Winning the MacArthur “genius grant” was a career highlight for Rice professor Rebecca Richards-Kortum. But it was a visit to Malawi that changed her life.
What is killing the Gulf of Mexico’s majestic coral reefs?
Beverly Pennington was a Pinterest-perfect entrepreneur whose patchwork quilts—made from people’s most treasured T-shirts—found thousands of devotees all over the country. But when the quilts stopped coming, leaving the shirts in limbo, her customers pieced together a plan to fight back.
She died twenty years ago, when I was ten. Yet even as the distance grows, I've found a way to keep her close.
It's been decades since San Marcos's famed Aquamaids performed, but San Marcos is reviving the mermaid as a symbol of cultural identity and environmental protection.
Jim Allison has always gone his own way—as a small-town-Texas kid who preferred books to football, and as a young scientist who believed the immune system could treat tumors when few others did. And that irreverence led him to find a potential cure for cancer.
Alejandro Rose-Garcia—a.k.a. Shakey Graves—recently carved his initials into Trigger, Willie’s famous guitar, the first inscription the instrument has seen in years.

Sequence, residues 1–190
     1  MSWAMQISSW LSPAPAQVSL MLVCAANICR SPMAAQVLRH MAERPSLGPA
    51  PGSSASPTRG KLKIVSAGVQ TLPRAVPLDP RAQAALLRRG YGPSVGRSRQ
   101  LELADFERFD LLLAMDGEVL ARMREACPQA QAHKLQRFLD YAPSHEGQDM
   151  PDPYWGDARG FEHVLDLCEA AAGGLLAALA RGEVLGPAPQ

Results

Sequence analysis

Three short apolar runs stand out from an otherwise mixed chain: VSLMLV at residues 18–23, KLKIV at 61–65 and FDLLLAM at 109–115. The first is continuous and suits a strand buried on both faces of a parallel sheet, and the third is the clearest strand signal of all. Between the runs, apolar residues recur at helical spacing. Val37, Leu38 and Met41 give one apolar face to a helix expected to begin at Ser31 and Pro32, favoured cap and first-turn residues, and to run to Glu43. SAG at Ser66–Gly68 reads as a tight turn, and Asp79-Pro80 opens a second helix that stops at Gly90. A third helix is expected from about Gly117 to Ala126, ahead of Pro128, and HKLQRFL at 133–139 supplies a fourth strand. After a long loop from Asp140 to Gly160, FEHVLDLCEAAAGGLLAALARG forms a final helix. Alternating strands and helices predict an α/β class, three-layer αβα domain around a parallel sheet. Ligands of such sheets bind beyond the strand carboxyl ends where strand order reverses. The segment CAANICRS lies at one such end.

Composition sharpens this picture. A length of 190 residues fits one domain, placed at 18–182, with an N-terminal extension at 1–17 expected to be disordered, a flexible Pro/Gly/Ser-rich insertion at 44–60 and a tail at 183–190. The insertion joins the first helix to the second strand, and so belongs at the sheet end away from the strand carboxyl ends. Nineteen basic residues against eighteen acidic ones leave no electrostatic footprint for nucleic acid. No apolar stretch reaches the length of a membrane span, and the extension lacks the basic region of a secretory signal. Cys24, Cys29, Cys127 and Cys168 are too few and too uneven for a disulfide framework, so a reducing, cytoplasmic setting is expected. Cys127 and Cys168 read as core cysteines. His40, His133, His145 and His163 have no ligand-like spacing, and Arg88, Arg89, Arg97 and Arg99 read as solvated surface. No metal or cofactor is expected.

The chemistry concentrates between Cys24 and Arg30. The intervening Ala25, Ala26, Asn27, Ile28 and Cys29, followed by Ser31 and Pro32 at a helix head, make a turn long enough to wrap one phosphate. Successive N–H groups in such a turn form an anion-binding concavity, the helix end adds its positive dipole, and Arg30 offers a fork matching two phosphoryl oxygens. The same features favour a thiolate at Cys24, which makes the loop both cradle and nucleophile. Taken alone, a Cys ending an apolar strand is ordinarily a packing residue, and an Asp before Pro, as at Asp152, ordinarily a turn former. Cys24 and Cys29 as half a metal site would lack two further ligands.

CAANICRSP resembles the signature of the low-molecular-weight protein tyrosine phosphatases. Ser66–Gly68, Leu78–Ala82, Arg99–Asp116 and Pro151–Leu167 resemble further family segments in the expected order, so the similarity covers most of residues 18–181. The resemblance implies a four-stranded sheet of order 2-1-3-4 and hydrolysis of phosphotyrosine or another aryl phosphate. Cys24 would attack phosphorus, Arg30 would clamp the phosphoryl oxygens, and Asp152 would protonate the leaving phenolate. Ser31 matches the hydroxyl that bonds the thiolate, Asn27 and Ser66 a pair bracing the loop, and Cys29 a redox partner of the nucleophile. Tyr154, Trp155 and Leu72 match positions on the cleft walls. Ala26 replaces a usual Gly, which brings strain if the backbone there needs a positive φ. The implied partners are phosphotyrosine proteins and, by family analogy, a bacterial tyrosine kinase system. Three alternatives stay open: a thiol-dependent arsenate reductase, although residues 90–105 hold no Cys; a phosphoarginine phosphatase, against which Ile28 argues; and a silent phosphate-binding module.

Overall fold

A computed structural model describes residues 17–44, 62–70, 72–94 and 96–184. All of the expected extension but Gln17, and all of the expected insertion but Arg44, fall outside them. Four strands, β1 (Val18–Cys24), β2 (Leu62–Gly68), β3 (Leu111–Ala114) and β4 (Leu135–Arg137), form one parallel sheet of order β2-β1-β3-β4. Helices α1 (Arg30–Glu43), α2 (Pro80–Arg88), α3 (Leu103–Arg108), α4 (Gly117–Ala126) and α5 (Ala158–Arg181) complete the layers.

In many ways, telemedicine represents the future of health care—yet some fear new rules in Texas could stunt its growth here.
Four years after his indictment, one of the only people prosecuted for the Deepwater Horizon explosion tells his side of the story.
The scion of one of Laredo’s first families wants to build a mammoth landfill on his ranch. But the opposition is fierce and vocal—and backed by none other than his uncle and his cousin.
They were some of the toughest narcs on the border, known for busting smugglers, staging raids, seizing cartel cocaine—and being dirty.
He was just a regular kid in South Texas, until a brush with the law propelled Gabriel Cardona into petty crime—and the service of a drug lord rising to power across the Rio Grande. In this exclusive excerpt from Wolf Boys: Two American Teenagers and Mexico’s Most Dangerous Drug Cartel, Dan Slater traces the true story of how one Laredo boy went from high school dropout to hit man.
After Texas Tech researchers discovered that windstorms may be spreading antibiotic-resistant bacteria from local feedlots, public health experts stood up and took notice. So did the Texas Cattle Feeders Association.
When a teenage boy brazenly shot two endangered whooping cranes outside Beaumont, his act unleashed widespread anger and resulted in a quick arrest—and revealed just how difficult it can be to save a species.
For Tony Romo and the Dallas Cowboys, it’s now or never.
On the heels of tragedy, community policing in Dallas remains as valuable as ever.
Surveillance is part of daily life on the border. But how much do the people watching us know? What do they see? And how much of our privacy are we willing to sacrifice in the name of security?
Thirteen years after they were banned from country radio, it seems that Texas is ready to make nice with the Dixie Chicks. But it wasn't easy.
Beefing up security.